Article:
Sunday, May 8, 2016

"A Night in Olympus" at Illusion Theater

An unpopular high school girl wants to be pretty so she can go to prom with the popular jock. Not exactly a compelling theme for a musical or one I'm particularly interested in seeing. But this tired old story, seen often in fairy tales and '80s movies, is so charmingly told in the infectious new musical A Night in Olympus with a dynamic cast, that it's almost possible to forget that it's about a prom. And the tired story is given a bit of an interesting twist with the injection of Greek mythology. So while I can't really get behind a story written and directed by men in which a girl just wants to be pretty, even if she does learn the obligatory lesson at the end, it's hard not to have a good time at this campy fun musical.

Maggie and Harry are (platonic) best friends who bond over their love of zombie movies and other nerdy things. But Maggie dreams of being pretty and going to the prom with the popular jock Chad. Lucky for Maggie, the teachers in this Olympus Indiana high school are actually the Greek gods banished to Earth by Zeus for... some reason or other. Tired of keeping her powers in check, Venus hears Maggie's wish and grants it, transforming Maggie into the most beautiful girl in school and therefore unrecognizable, even to her mother. At first Maggie enjoys all the attention, pretending she's a foreign exchange student from Venezuela. She scores her dream date to the prom with Chad (whose date dropped out because she got "fat" in college - seriously with the fat-shaming?!), but soon learns he's a narcissistic jerk (which presumably is surprising to her because she only watches zombie movies, not HS rom-coms). Meanwhile, Venus' unleashing of her powers causes all of the teacher/gods to do the same, toying with the lives of humans as gods are wont to do. In the end Maggie learns that maybe being pretty isn't the most important thing in the world (sad that she didn't know that already), and Harry sees through the exterior to recognize the real Maggie, because of course he's the one who truly loves her.

Fortunately this fantastic eight-person cast elevates the material and has a great time camping it up. Six actors of various ages play both high school students and high school teachers, which requires a bit of suspension of disbelief, but for the most part it works. It's fun to watch as each actor makes the most of portraying a high school stereotype (jock, nerd, bully, popular girl) as well as a teacher that's hiding their true and divine persona. Aimee K. Bryant embodies Venus, the goddess of love. Norah Long shows great range in three roles - vapid high school girl, stereotypical gym teacher/goddess Diana, and Maggie's mom, whose biggest dream for her daughter is to go to prom (really?! I never went to prom and my life turned out pretty good). Adam Qualls is hilarious as the creepy janitor and the evil Hades. Dieter Bierbrauer is charming as usual as the god who wants to live a normal life and falls for Maggie's mom (more Norah/Dieter duets please!). Randy Schmeling revels in the role of the picked on student who gets to take revenge on his bully, ironically named Randy, and Mark Rosenthal is the coach turned god of war.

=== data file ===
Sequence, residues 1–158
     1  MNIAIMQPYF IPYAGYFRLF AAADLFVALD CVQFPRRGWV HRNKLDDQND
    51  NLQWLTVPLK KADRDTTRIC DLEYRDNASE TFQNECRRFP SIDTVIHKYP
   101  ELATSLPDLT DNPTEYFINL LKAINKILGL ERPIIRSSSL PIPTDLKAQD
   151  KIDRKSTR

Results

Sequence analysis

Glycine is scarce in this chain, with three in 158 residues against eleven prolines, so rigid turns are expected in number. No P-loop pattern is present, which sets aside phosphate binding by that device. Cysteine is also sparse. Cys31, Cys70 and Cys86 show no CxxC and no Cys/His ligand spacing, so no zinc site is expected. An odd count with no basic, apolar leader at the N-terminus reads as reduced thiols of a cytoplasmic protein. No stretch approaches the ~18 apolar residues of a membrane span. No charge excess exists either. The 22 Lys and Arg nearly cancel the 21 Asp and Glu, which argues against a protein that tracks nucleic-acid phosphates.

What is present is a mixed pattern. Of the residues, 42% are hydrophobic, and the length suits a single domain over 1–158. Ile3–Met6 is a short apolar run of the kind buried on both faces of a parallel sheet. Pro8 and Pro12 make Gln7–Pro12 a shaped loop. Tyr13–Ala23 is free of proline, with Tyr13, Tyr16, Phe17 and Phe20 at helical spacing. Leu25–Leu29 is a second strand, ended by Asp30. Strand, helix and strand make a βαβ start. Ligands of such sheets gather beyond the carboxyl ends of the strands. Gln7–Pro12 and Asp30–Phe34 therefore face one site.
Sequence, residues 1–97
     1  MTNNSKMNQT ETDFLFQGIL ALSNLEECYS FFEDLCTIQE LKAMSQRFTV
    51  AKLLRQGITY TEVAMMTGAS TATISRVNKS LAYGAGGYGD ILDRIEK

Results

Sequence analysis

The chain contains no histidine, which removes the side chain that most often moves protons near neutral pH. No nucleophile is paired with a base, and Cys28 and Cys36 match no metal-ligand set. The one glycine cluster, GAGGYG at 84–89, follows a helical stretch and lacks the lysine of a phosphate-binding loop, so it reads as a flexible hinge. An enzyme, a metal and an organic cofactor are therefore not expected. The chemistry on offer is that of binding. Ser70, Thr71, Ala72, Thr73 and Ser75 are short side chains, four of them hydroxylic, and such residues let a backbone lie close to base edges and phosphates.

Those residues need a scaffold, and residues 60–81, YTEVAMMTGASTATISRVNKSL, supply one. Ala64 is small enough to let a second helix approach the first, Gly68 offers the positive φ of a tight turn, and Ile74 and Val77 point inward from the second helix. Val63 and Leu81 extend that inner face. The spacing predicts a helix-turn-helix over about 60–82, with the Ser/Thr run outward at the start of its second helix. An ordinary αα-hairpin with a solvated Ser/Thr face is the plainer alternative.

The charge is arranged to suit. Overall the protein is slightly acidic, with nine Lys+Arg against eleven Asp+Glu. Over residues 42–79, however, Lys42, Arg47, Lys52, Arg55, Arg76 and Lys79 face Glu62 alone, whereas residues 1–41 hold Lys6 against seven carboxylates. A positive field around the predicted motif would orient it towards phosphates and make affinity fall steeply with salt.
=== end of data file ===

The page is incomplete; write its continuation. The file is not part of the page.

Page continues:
Tyler Michaels, Adam Qualls, and McKinnley Aitchison
(photo by Lauren B. Photography)
As our star-crossed lovers, one could not pick a more charming pair than Tyler Michaels and McKinnley Aitchison. Everyone knows that Tyler is a star, with a great voice put to darling comedic use in the "Zombie Love Song," and a unique physicality on display in a crazy zombie move I wanted to rewind and watch again. But the lesser known McKinnley is every bit his match, making the character of Maggie a heroine to root for (even if you want to tell her - girl, you already are beautiful and the guy of your dreams is standing right next to you!). McKinnley has a winning stage presence, a great strong musical theater voice, and really plays up the humor as Maggie awkwardly negotiates the world in her new skin.

The trademark clever wit of playwright Jeffrey Hatcher (who co-wrote the book with Bill Corbett) is on fully display, along with some timely if a little too easy political jabs. Chan Poling's score is fun and catchy, if not particularly memorable, with arrangements by the go to musical theater arranger Robert Elhai. The five-piece band directed by Jason Hansen brings the score to life and sits just behind the stage, revealed at the very end. Dean Holzman's set consists of backdrops that can be rolled in and out, quickly changing and simply the setting.

A Night in Olympus is like a summer rom-com. Perfectly pleasant entertainment that's light and easy to digest, if you don't think too hard about what's going on. But the reason to see this show is for this hard-working uber-talented cast and their fun, campy, committed performances. A Night in Olympus continues through June 4 at Illusion Theater in downtown Minneapolis (half-price tickets available on Goldstar).